A better way to introduce this item would be to present it as an item for discussion as follows: “Everyone has reviewed last month’s financials that Joe sent out a few days ago. It’s obvious we have to do something different in order to achieve our overall goals. Let’s get everyone’s input and ideas on what we should be doing differently in the next three months. Let’s start with you, Dave.” Now you’ve gotten everyone involved, and you are identifying the problems and their suggested solutions. This will lead to some real decisions and action instead of just negative talk and finger pointing.

Management Strategic Planning Retreat

At the end of every football season, the coaches and management team get together for a few days to look at how well they did, their current situation, and what it will take to improve for the next season. Every year, your management team must take a day or two to sit down and plot out the strategy for the upcoming year. Engage a facilitator to help your team review your last year’s results —what is working and what is not — and identify areas for improvement. Set new targets and goals and implement action plans to improve your company.

A company annual meeting is an important time for company management to decide on the overall direction, strategic issues, changes, adjustments, people, customers, priorities, and approaches necessary to achieve expected results. Hold this meeting at an off-site location so that each attendee will stay focused on the agenda. Start with a review of the company’s past performance. Then, look at where the company is today. Decide where you want to go and what actions will be required to achieve your goals. A realistic discussion of the economy and opportunities available is required to determine what challenges face your company. A comprehensive review of your people and management team should be discussed, including decisions about future needs and changes. A thorough discussion of all of the company’s goals and targets for the upcoming year should be agreed upon.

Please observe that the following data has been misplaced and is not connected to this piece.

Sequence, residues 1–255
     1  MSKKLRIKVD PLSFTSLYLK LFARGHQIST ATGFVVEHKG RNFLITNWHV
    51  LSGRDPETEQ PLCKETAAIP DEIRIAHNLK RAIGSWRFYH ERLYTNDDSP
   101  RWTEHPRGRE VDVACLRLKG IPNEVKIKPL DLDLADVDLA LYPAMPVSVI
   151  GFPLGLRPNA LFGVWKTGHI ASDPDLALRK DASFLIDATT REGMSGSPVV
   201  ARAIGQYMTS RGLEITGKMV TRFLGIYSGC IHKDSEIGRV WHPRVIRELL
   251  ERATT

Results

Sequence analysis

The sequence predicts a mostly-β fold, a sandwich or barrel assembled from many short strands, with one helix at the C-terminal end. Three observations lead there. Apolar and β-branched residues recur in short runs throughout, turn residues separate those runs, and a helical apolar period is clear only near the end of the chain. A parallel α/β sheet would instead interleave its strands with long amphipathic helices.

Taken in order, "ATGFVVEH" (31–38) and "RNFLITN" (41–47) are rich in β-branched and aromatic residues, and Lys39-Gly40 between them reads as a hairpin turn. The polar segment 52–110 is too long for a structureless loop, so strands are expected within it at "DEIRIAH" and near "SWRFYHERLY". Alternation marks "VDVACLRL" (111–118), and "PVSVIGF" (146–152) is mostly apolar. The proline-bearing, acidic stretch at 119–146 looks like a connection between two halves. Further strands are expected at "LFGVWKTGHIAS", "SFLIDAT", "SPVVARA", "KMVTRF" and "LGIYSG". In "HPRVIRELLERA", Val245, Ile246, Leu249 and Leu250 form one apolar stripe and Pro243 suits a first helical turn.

Monthly Management Strategy Session

Every month, owners and managers must meet to discuss their company’s overall strategy and direction. The best place to start is by reviewing your strategic plan’s goals and action items. The agenda must include reviewing results and strategies for your financials, revenues, overhead and profit, receivables, cash-flow, organizational chart, management, people, operations systems and procedures, work flow, project management, supervision, safety, quality, scheduling, productivity, equipment, accounting, technology, estimating, and sales and marketing. Part of the discussions should include open debate and a review of all options available for deciding your company’s future options.

Monthly BIZ-DEV Strategy Session

Creating a marketing and sales activity calendar will allow you to review your business development progress each month. Identify key markets and customers you want to seek and do business with, develop a plan to find and cultivate new customers, strategize how to better your customer relationships, look at ways to improve your bid-hit ratio, and explore how to increase your margins with better customers and lower competition.

Weekly Sales, Proposal, Estimating and Bid Follow-Up Meeting